There is something special and amazing when you search through social media looking for new music and you stumble across a familiar face taking a leap of faith. Lydia Ramsey, who I have known as a member of St. Paul de Vence for the past few years, stepped out of the shadows and delivered a brilliant new solo album, Bandita. The young singer-songwriter from Indianola, WA decided to give us a few minute of her time to chat about her new music, her inspirations and her future!
Aaron Mannari: Thank you so much for taking the time to chat with us. We have known about your musical talent for a quite a few years now as a part of St. Paul de Vence, but some of our readers are just getting to know you. Could you tell us a little more about who you are as a musician and what led you to becoming an artist?
Lydia Ramsey: Music runs pretty deep in my family. Both my parents are musicians and were also able to be home with us a lot when my brothers and I were kids. The idea of music was always about “play” too; it was just built in to our world. I grew up listening to my dad playing Bill Evans, Bach and Debussy on the piano, and singing rounds with my mom about the moonlight and flowers and other hippy shit. It was great.
When I got a guitar at 16, I turned to this old compilation book of every Beatles song ever, and since I already knew the songs (’cause it’s the Beatles) I began plucking my way through. My dad showed me some simple finger picking patterns that sounded really pretty even when played slowly, so that helped keep my interest in the early stages of learning a new instrument. Once you have music in your life, it becomes this companion you can take everywhere you go, that can be your very own thing that no one else can touch. It’s very empowering, I think especially as a young women, when you’re trying to find out who you are and how you fit into world. I kept my own songwriting private for a long time, not imagining how or why to share it because it was so intimate and personal. Then in just the last few years really I was like, hell I want to contribute my piece to this world while I’m here, and leave behind something I’m proud of. So I set out to make a proper record.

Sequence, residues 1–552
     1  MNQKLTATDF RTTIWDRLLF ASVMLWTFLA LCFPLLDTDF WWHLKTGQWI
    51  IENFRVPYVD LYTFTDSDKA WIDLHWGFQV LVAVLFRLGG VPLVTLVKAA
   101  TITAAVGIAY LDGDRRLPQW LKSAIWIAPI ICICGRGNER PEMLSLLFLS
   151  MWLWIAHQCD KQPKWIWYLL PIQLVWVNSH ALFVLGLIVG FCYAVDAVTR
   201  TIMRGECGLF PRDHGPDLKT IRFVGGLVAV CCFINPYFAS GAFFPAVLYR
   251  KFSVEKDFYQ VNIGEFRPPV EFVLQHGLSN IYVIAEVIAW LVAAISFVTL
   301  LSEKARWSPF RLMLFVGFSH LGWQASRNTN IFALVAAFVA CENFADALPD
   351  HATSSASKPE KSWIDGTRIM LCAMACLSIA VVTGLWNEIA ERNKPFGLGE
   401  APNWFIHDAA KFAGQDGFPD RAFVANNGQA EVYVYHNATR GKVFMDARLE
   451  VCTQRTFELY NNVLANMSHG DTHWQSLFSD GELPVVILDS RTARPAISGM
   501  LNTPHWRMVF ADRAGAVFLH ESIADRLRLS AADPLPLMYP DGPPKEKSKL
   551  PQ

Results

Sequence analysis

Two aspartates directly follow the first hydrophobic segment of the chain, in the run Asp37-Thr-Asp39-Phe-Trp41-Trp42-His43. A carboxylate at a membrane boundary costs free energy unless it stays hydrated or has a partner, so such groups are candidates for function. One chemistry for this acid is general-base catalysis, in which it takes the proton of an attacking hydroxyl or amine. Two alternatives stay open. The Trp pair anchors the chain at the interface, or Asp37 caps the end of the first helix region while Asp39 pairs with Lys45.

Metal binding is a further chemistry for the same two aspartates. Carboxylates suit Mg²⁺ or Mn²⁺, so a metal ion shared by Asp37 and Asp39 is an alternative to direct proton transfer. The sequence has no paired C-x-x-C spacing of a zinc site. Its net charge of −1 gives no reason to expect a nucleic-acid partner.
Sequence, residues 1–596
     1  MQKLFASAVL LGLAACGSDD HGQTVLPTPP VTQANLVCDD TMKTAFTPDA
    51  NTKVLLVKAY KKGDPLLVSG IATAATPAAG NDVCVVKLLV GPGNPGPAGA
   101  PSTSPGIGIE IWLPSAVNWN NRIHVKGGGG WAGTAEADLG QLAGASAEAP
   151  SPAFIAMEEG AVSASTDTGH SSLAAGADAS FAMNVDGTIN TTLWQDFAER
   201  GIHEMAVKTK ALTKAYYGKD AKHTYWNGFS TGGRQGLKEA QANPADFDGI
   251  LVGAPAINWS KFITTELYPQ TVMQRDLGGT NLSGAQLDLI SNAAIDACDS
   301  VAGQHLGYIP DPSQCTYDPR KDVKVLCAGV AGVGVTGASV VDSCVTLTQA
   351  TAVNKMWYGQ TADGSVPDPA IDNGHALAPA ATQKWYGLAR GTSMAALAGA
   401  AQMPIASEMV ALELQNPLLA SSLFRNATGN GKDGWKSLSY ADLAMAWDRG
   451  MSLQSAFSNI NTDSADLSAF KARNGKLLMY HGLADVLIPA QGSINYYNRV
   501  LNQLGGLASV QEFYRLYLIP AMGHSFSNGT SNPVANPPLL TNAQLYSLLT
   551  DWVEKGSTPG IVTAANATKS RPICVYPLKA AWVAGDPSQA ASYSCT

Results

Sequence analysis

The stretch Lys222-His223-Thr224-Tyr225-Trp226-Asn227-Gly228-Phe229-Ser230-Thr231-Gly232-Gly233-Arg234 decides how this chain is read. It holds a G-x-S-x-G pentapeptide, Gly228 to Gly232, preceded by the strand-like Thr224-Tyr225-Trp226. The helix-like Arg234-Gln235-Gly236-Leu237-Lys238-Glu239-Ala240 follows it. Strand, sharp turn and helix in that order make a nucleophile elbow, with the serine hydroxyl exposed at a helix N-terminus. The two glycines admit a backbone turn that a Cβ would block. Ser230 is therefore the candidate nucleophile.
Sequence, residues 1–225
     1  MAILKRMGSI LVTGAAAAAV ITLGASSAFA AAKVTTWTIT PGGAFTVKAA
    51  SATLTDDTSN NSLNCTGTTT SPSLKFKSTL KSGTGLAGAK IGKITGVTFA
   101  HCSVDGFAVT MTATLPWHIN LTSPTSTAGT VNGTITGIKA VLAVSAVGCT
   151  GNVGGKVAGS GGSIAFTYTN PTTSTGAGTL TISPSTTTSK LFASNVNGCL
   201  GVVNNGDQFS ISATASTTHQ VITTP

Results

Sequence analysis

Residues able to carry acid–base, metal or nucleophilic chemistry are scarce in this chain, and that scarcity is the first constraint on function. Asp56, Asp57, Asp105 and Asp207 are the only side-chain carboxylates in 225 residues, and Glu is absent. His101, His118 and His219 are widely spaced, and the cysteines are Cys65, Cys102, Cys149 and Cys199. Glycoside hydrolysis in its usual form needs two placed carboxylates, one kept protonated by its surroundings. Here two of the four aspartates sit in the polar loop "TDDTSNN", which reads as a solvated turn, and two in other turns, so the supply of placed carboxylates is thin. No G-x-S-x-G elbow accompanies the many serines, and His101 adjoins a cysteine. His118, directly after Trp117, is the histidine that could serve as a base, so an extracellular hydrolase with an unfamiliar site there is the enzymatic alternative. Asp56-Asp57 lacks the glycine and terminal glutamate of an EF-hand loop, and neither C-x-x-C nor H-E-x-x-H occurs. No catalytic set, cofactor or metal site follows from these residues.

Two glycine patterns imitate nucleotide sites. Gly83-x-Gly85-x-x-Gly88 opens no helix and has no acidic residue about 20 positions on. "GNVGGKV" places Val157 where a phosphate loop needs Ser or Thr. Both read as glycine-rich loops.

AM: And your debut album, Bandita, is finally out and it is a brilliant piece of work. What influences and inspirations helped you bring out this the wonderfully rustic southern folk sound?
LR: I recently started listening to artists like Nikki Lane, Shovels and Rope, Hurray for the Riff Raff, Lyra Lynn; these female leads who were making something with some grit to it. In my early songwriting days I felt really pigeonholed by the solo, female singer-songwriter genre, like if you were a woman and played acoustic guitar people thought they knew what you were all about. I got really tired of that and wanted to break out of that mold with this record, to make something that felt powerful. That’s where the Bandita name came from (as in “lady bandit”) just being in a place in my life where I was tapping into this, “I’m going to do exactly what I want, all the time” spirit. Like, I will take what I want from this life and don’t need anyone’s permission or anyone to hold my hand. I’m just going to make shit happen, right now, the way I want.
As to other inspirations I’ve definitely been inspired by my Seattle music community, watching friends work so hard on their own music and on getting gigs, getting press, making things happen for themselves. Belonging to a community where people are working toward the same things you are, makes it all seem doable and less intimidating. You realize that there’s no magic button to press that makes everything unfold before you, it’s just setting your intention, then being at the top of your game when it comes to production so you create something worth sharing.